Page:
Planting a tree
Although tree planting isn’t difficult, trees can often struggle to grow if planted poorly, so it pays to get them off to a flying start by ensuring your method is up to scratch. Here’s my foolproof guide.
Before planting remove any weeds from the site, either by hand or with a special weeding device if there are any stubborn, deep-rooted perennials. Herbicides may be necessary on ground that is infested with weeds. If you’re planting into a lawn, strip away a circle of turf 1m (3½ft) in diameter.
If planting a container-grown tree, dig a hole that’s twice the width of the tree’s root ball and a bit deeper. If the bottom of the hole is compacted, break the soil up with a fork and prick the sides to allow roots to penetrate. Place the tree in the centre of the hole and fill with soil, firming it as you go. When the hole is full the top of the root ball should be just below the surface. Firm down the soil with your heel, water and finish with a 5cm (2in) layer of bark chippings.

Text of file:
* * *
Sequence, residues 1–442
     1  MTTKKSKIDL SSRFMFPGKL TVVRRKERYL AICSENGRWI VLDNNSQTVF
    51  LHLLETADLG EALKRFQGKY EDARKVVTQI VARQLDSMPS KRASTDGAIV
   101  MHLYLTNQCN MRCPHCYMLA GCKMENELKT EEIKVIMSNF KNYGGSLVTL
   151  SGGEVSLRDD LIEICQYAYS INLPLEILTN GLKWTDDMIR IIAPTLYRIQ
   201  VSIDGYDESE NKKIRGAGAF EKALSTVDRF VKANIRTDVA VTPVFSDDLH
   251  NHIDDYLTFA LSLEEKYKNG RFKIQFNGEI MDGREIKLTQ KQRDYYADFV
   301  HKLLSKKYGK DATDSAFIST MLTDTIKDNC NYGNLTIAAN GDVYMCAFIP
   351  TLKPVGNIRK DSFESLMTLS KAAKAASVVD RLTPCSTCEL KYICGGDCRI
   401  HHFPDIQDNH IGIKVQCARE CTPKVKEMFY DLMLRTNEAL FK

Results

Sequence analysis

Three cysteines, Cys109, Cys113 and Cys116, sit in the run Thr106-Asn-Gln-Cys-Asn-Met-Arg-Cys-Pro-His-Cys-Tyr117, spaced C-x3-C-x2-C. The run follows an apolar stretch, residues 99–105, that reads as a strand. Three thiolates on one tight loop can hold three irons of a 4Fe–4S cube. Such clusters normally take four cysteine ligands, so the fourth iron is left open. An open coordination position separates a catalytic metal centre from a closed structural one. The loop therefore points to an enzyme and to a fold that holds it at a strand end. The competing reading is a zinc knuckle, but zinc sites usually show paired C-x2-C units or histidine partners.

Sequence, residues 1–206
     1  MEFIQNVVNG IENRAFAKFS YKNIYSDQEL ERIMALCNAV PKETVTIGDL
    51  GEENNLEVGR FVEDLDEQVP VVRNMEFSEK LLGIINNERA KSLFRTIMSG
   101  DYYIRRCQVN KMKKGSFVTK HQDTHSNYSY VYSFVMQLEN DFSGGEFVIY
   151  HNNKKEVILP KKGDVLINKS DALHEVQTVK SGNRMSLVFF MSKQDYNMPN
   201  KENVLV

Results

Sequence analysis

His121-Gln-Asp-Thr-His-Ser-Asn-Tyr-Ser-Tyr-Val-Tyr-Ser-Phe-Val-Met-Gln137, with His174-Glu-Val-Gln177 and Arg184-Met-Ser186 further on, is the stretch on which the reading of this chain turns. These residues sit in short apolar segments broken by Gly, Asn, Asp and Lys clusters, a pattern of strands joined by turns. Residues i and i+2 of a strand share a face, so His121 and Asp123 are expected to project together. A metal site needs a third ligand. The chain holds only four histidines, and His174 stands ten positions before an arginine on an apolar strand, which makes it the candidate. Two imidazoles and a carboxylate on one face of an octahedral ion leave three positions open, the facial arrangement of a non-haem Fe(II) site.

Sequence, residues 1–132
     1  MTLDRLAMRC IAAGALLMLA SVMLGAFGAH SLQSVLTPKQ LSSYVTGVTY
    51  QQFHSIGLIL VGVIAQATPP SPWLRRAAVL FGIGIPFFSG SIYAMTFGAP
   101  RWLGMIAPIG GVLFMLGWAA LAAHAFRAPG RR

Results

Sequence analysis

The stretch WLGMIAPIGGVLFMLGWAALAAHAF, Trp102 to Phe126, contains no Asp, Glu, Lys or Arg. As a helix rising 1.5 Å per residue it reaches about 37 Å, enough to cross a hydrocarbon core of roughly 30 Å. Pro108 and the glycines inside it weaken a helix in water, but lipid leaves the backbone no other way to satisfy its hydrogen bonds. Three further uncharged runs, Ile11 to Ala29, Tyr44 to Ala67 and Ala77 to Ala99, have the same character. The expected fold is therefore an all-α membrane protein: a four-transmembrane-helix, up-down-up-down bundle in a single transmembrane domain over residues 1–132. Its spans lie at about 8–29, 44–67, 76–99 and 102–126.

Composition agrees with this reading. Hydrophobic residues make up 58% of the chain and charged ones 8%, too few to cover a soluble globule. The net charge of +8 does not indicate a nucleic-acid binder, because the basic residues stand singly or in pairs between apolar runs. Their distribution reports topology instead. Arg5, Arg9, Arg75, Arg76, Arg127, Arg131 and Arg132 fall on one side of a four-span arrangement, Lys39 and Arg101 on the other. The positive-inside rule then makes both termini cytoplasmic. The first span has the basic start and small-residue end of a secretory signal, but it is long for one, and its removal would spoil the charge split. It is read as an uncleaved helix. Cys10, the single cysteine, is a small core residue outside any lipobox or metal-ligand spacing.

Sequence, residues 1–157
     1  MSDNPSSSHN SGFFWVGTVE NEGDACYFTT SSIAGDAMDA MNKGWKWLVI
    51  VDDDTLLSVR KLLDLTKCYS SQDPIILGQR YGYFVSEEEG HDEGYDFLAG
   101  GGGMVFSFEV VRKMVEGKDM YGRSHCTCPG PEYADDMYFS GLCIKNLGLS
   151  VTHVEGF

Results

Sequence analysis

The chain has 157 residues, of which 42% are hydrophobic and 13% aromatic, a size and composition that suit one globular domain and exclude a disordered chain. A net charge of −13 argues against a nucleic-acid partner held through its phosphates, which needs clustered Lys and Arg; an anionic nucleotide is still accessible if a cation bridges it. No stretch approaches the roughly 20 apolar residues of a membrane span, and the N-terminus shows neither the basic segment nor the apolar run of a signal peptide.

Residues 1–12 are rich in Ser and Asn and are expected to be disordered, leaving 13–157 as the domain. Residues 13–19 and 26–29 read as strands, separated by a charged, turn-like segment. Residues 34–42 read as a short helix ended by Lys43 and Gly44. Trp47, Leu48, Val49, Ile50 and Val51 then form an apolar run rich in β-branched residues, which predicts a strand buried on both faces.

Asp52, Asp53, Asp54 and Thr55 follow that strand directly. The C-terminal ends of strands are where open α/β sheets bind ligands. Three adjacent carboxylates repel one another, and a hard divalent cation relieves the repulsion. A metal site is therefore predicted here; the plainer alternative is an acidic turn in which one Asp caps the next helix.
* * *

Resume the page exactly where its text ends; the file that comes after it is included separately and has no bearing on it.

Bare root trees, which are lifted from the nurseryman’s field, can be planted in the same way, but you need to ensure the tree is planted at the same level as it was growing before. To do this, put a cane across the hole to ensure the soil mark on the stem is level with the surface. Add or remove soil if necessary.
Small trees up to about 3ft do not need staking, but any larger and they will need some support. Use tree stakes hammered into the ground vertically for bare root tree and stakes at 45 degrees for container grown trees. Secure to the tree with plastic buckle ties, PVC tubing or expanding rubber belts.
You will often see trees that have been staked for many years, but as a rule stakes should only be in the ground for 18 months before they are removed. You often see trees on the street that are staked for years, but this is unnecessary and if needed, it usually implies that there’s something wrong with the tree or in the way it was originally planted out.
Keep plants well watered and remove any weeds that appear. Check ties regularly during the growing year, especially over autumn and winter when windy weather can loosen ties – it will also be necessary to relax ties as stems expand to prevent them restricting growth.